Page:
Question:

We require our employees to wear simple wash and wear uniforms. We provide three uniforms to each full time employee, and require the employees to launder them. One of the employees has requested a “washing allowance,” stating that she prefers to dry clean her uniform. Do we have to pay her a washing allowance?

Answer:

The question of when an employer has to provide and maintain required uniforms is a source of some confusion. The California Industrial Welfare Commission Wage Orders state, “when uniforms are required by the employer to be worn by the employee as a condition of employment, such uniforms shall be provided and maintained by the employer. The term ‘uniform’ includes wearing apparel and accessories of distinctive design or color.”

The Division of Labor Standards Enforcement, which enforces California labor laws, interprets this rule to mean that employers do not have to provide or pay for basic wardrobe items that are usual and generally usable in the employee’s occupation, such as white shirts, dark pants and black shoes and belts of unspecified design, because the employee can wear these clothing items in any job in his or her occupation. But, if a required black or white uniform or accessory does not meet the test of being generally usable in the occupation, the employee may not be required to pay for it. Ordinary work clothes are not uniforms when employees have a free choice about what to wear, but when an employer specifies the design or color, or requires an insignia, the employer does so for the employer’s own advantage as a matter of advertising, public image, or other business purpose, and employers must provide the distinctive uniforms. The employer must also provide accessories of distinctive color or design required by the employer, such as aprons, headbands, hats, cuffs, or boots.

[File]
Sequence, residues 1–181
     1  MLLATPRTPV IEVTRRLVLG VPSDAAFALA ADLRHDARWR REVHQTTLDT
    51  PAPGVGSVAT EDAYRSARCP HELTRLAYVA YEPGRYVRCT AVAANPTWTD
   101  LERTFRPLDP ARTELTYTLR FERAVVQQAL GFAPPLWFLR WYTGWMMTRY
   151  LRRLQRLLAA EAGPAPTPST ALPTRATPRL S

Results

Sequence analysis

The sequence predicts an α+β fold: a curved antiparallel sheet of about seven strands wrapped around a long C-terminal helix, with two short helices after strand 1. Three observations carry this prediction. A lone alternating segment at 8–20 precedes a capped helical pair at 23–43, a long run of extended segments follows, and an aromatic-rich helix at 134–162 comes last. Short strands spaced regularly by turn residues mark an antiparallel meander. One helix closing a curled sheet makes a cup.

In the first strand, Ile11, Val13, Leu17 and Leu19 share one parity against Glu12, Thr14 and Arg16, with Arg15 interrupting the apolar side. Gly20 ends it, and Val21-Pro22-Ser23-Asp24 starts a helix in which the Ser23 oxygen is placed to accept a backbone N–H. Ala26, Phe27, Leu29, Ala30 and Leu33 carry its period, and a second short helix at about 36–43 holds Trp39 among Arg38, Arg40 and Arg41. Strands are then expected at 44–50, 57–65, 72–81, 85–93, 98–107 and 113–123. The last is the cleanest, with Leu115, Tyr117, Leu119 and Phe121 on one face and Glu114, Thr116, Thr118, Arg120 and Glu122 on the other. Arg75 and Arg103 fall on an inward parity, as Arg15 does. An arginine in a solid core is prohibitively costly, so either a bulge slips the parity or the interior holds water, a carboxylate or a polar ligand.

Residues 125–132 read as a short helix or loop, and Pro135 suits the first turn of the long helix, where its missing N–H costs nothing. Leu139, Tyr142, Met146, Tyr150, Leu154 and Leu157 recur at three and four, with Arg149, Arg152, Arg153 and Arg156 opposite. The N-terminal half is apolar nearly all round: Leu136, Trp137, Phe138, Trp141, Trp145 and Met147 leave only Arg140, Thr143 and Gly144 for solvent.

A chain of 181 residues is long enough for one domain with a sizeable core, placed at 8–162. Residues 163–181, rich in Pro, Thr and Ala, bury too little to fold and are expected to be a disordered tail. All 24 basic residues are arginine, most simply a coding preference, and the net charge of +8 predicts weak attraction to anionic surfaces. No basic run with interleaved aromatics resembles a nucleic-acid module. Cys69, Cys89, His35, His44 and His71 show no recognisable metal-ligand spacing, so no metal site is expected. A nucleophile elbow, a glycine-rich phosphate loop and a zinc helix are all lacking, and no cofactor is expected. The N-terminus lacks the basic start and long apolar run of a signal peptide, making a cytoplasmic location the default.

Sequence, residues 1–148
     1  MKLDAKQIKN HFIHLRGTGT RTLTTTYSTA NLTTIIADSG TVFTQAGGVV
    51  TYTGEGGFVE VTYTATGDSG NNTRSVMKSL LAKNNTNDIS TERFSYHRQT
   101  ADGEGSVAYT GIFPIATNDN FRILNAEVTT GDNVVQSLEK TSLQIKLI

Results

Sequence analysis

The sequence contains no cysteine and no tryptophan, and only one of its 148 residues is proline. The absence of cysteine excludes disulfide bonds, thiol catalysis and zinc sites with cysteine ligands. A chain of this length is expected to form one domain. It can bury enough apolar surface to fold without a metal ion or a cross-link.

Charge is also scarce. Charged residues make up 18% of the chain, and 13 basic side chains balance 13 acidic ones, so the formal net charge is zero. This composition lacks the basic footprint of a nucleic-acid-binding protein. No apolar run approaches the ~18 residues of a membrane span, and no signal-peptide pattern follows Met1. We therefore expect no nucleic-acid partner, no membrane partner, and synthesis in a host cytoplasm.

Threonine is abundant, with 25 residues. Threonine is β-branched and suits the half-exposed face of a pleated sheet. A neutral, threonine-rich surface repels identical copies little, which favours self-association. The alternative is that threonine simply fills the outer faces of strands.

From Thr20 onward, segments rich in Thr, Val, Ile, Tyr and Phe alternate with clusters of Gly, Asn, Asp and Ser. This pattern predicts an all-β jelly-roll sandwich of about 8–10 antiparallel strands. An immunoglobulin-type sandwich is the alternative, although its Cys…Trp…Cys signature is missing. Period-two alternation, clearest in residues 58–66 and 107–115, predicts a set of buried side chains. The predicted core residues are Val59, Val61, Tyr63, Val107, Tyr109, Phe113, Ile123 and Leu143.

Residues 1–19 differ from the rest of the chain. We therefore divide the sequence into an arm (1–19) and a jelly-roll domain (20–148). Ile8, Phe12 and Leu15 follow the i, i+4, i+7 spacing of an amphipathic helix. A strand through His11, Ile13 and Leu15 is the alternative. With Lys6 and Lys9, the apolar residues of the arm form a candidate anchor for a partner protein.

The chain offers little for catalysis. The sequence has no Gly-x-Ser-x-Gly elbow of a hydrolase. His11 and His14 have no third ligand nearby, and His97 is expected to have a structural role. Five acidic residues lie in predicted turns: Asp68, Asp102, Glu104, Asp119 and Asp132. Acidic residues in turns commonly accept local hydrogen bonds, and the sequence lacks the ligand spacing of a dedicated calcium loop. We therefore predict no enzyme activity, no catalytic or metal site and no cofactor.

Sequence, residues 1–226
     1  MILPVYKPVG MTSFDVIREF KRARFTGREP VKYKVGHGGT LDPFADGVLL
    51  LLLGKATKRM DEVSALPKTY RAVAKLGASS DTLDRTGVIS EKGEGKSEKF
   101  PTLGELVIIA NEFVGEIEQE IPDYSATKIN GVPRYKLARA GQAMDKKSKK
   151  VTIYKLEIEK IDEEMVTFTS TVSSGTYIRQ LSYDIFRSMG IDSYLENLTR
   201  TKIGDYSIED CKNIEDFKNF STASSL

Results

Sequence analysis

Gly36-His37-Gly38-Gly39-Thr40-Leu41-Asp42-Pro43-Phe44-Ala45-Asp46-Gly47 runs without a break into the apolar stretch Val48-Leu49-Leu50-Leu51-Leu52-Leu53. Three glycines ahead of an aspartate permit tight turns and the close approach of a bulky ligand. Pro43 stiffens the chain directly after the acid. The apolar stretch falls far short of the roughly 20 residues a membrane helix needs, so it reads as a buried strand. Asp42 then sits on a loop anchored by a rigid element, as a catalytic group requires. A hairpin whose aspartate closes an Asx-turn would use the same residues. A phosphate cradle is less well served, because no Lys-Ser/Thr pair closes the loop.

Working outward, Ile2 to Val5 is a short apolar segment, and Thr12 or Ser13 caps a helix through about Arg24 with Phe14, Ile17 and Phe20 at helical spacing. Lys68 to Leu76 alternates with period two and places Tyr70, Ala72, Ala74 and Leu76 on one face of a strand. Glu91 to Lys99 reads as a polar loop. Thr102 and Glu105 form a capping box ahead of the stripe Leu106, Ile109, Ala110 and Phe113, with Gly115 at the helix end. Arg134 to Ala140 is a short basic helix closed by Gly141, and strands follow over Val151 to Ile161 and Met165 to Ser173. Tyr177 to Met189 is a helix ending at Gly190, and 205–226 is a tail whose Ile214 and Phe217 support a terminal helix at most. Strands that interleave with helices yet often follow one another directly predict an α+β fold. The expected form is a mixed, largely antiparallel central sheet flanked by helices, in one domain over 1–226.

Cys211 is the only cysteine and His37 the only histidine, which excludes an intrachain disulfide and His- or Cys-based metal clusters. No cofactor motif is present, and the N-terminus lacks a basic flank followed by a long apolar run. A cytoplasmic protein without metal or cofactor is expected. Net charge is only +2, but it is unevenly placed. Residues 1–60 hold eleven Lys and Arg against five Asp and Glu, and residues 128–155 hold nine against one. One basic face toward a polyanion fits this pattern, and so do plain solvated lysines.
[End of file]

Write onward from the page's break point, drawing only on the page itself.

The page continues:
For example, the DLSE has taken the position that uniform clothing of a particular design, like tropical shirts, would be so distinctive that the employer would be required to pay the cost of such clothing. In another case, the dress code imposed by Blockbuster, a blue shirt and tan or khaki pants, was determined to be a uniform that the employer was required to provide and pay for. An employer is free to designate the weight, color, quality, texture, style, form and make of uniforms required to be worn by employees. The employer may also designate the store where the uniform may be purchased, but it must pay the cost of the uniform when the uniform is distinctive in design or color.

Generally, the Industrial Welfare Commission deems it reasonable to require employees to maintain uniforms made of fabric requiring minimal time for care. However, employers must maintain or provide a maintenance allowance if the uniform requires ironing or dry cleaning, or if the uniforms require special laundering for heavy soil or color. The maintenance allowance must be based on a realistic estimate of the time required to wash and iron special care uniforms, and the time may be compensated at minimum wage. If uniforms require dry cleaning, the maintenance allowance shall be the actual cost of dry cleaning.

A recent case provides some guidance on the employer’s obligation to “maintain” the employee’s uniforms. In the case of O’Connor v. Starbucks, a Starbucks employee claimed that he had his apron dry cleaned, and that he should be reimbursed for the dry cleaning costs. The court determined the apron required minimal time for care, and could easily have been laundered with the employee’s other clothing. The court held there is no obligation to reimburse employees for the time they spend washing uniforms or having them laundered when they require only minimal care. Therefore, if your employees’ uniforms are “wash and wear” and can be laundered with the employees’ other laundry, your company probably does not have to reimburse the employee for the dry cleaning expenses.
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